Parents and students object to Millbrook High achievement list

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Parents and students at Millbrook High School are upset that student achievement rates are being posted inside the school and listed by race.

Parents and students at Millbrook High School are upset that student achievement rates are being posted inside the school and listed by race.

Down a hall, there's a bulletin board filed with printouts on how students stack up, including a breakdown of suspension rates and which group are at risk to fail.

The district says data walls are common and recommended, but parents and students disagree.

"That's rude," said student Mehalahni Winfield. "That's embarrassing and that's really disheartening. That doesn't make a student want to participate."

"It puts people down whenever they see the statistics and stuff," said student Samy Rena-Lopez.

An ABC11 viewer shared pictures through email and wrote, "All it does is feed superiority and inferiority complexes among students."

"Why would you want to put it out there," asked student Calvyn Sykeo.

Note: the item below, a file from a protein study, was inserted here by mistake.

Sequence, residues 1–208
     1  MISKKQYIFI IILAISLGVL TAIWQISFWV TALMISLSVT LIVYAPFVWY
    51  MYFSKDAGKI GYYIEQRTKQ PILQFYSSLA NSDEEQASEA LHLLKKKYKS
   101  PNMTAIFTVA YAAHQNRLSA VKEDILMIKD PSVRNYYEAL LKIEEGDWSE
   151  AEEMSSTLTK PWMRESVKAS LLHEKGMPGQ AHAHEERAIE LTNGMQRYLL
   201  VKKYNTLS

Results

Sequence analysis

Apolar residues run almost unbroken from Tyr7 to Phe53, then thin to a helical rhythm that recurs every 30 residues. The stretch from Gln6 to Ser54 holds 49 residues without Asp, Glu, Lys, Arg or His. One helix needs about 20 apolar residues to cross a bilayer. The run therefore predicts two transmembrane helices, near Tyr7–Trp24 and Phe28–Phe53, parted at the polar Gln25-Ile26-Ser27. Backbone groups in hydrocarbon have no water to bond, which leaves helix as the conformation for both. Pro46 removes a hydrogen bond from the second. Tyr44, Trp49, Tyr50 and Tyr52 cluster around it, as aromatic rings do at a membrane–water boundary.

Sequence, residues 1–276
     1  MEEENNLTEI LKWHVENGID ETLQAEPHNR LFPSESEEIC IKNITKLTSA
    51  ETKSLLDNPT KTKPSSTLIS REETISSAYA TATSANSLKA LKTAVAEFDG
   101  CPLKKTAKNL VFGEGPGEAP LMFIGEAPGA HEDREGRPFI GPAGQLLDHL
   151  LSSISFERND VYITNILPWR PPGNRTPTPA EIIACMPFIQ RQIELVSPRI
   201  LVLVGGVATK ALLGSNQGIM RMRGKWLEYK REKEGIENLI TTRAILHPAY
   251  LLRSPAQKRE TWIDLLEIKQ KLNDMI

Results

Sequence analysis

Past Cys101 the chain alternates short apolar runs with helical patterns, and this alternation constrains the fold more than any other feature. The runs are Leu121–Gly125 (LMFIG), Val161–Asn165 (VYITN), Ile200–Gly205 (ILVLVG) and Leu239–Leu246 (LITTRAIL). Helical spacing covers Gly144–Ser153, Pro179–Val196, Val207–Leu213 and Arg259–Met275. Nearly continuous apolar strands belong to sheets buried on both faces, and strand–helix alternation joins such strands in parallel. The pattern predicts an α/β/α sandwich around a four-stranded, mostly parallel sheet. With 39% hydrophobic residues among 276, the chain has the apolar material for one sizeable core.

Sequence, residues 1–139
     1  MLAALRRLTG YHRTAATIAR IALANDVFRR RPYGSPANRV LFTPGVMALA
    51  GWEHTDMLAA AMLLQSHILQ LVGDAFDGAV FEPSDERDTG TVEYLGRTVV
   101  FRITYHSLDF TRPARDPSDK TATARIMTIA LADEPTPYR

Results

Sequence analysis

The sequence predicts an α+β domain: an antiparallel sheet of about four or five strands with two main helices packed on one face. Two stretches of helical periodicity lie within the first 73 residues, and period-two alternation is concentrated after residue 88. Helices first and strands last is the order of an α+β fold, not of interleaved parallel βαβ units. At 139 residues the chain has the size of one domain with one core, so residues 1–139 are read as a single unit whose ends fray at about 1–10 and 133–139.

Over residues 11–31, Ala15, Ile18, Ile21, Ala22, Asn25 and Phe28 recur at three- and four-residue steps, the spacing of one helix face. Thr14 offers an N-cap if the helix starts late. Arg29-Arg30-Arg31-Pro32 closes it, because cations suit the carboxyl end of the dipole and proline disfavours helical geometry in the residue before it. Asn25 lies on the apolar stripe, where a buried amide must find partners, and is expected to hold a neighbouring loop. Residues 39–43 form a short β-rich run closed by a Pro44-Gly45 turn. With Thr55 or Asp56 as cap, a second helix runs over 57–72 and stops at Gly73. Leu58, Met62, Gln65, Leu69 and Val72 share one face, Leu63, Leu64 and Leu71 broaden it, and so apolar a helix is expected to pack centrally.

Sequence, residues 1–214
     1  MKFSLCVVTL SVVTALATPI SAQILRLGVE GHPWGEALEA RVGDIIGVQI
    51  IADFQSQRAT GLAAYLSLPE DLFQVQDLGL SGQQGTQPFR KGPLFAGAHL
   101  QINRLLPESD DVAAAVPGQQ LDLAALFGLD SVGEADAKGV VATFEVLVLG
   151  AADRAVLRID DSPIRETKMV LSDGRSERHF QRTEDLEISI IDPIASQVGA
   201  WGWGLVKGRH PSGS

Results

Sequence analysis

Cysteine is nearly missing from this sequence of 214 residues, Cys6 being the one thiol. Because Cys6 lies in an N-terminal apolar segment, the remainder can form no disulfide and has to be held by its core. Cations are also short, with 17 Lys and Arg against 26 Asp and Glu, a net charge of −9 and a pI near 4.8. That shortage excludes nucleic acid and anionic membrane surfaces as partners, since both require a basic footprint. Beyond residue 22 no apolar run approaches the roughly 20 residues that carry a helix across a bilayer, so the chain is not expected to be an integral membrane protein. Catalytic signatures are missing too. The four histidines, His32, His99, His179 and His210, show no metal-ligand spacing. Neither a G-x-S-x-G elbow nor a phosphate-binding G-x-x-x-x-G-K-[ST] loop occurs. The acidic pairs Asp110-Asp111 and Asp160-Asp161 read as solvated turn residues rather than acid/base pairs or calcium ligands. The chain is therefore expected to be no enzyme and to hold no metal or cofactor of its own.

The reason, the Wake County School District says, is that they are required by the state to distribute this information to the community. Some schools opt to make presentations at PTA meetings, but at Millbrook, the information has gone on a bulletin board for years.

"Data walls are used throughout the district to highlight and bring attention to student achievement and the school's School Improvement Plan," said Millbrook High School Principal Dana King. "We recognize our responsibility to report progress toward meeting goals. Our data wall shows our school community at a glance, where a school has been and where it is headed. It allows everyone to hold us accountable and monitor our progress as we strive to improve student outcomes. We have been presenting student performance data by race/ethnicity for years, as it is important that we know where gaps exist and where we need to focus our efforts."

Some students feel focus on them as they walk through school hallways.

"There's still bullying. There's still a whole lot of things going on, and that's not helping," said Winfield.

The parent who originally contacted ABC11 agrees and feels the information should be dispersed. However, she believes it should be for the parents' eyes, not for the children's eyes. That parent says she only saw the data when her daughter came home from school with pictures.

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